Responses to God


Live in Response to the Glorious Christ

Philippians 2:12-18

#1  Put God’s work in you into practice (vs 12-13)

Paul has the big picture understanding of salvation in mind

Our ‘salvation’ is more than our justification (being made righteous):

Ephesians 1:3 “(God) has blessed us in Christ with every spiritual blessing”

The gospel brings comprehensive and wonderful transformation to us (2 Corinthians 5:17)

We routinely minimize what salvation has done, and so minimize Christ!

Faith picks up these truths and lives by them

To ‘work out’ our salvation is to live according to all our salvation contains

Think of this as your muscles, you already have them, but you need to develop them

In all responsibilities and circumstances, how do we live out our salvation?

This process is ‘work’, but it’s not drudgery

God himself is at the center in every moment of our labor (v13)

This gives us reason for celebrating and persisting even if we do so weakly

Paul adds that we are to put God’s work into practice with “fear and trembling”

Fear of God is a response that has awe at one end (for the believer) and dread at the other (for the unbeliever)

Christians should fear and tremble that the person of vs 9-11 is working in us


#2  Protect gospel unity and gospel mission (vs 14-16)

There are many sins we are to do without, but Paul here continues with the themes church unity and gospel mission

If we live with conflict in the church, we are not in fear and trembling

We all need accountability and correction, as described in Ephesians 4:15 “speaking the truth in love”

But complaining and arguing are corrosive responses that lack humility and grace

Paul reminds us that church life takes place before the world’s eyes

The world is a crooked and twisted place, we should be distinctly different

We are lights which are meant to shine

2 Corinthians 5:20 “God is making his appeal through us”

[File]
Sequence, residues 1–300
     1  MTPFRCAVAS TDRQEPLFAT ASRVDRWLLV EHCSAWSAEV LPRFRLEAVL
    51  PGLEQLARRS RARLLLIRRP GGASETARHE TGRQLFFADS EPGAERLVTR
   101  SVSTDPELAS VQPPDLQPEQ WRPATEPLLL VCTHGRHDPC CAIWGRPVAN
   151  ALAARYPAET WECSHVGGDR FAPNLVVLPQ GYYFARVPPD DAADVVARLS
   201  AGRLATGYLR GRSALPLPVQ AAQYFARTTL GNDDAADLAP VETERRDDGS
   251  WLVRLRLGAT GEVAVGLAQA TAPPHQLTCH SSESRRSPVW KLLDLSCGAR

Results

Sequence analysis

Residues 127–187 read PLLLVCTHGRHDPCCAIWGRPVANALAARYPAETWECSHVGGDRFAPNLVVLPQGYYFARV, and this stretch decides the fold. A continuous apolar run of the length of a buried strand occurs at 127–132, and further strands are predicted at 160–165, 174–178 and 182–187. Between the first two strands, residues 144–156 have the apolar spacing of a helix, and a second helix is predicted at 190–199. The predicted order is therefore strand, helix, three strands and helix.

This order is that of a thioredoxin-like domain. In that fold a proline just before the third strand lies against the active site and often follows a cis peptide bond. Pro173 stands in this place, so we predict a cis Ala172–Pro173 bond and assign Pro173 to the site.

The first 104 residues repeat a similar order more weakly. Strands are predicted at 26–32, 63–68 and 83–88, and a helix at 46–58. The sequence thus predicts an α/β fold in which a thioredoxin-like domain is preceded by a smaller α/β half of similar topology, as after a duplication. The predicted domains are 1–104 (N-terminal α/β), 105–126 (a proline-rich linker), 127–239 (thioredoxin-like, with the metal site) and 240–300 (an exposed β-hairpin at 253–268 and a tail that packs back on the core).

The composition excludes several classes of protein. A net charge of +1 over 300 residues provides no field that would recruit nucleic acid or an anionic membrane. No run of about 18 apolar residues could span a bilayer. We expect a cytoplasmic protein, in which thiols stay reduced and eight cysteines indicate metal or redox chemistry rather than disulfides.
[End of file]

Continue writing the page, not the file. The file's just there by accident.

However, the gospel is not being revealed when we complain or argue

Paul’s use of the phrase “a crooked and twisted generation” is from Deuteronomy 32:5

He is describing the people of God who acted as if they weren’t

Grace abounded to them, but difficulty brought bickering from them

We fail to recognize that fighting and complaining are serious sins against God

The work of the gospel is a desperate need for every person, and the agenda of the gospel is our only God approved response

“Do all things without grumbling” is a biblical mandate

It comes down to whether or not we want biblical ways more than our own (v16)


#3  Take joy in Great Commandment living (vs 17-18)

Paul rejoiced when his life was entirely submitted to Christ

He compares it to being ‘poured out’ as a drink offering

Drink offerings in ancient religions involved pouring a cup of wine onto the ground to honor the gods

The idea is that once poured out, it can no longer be kept for us

This is Great Commandment living!

Why does Paul want us to rejoice with him over it? Because Great Commandment living is entirely good!

Every hesitation we have about Great Commandment living comes from deception

How can we know God and think that giving less of our life to him is better?

Paul was in prison facing the real possibility of execution

These realities made no difference to his conviction about joy

This is because his joy was in Christ and the trajectory of the gospel

If we see the glories of Christ, let us live by the glories of Christ


‘What are your Kingdom responses?’

Matthew 7:13-23

Jesus is bringing the Sermon on the Mt to a conclusion through a series of contrasts that reveal which kingdom we love and live by


There Are Two Gates For Life (vs 13-14)

One gate is wide and easy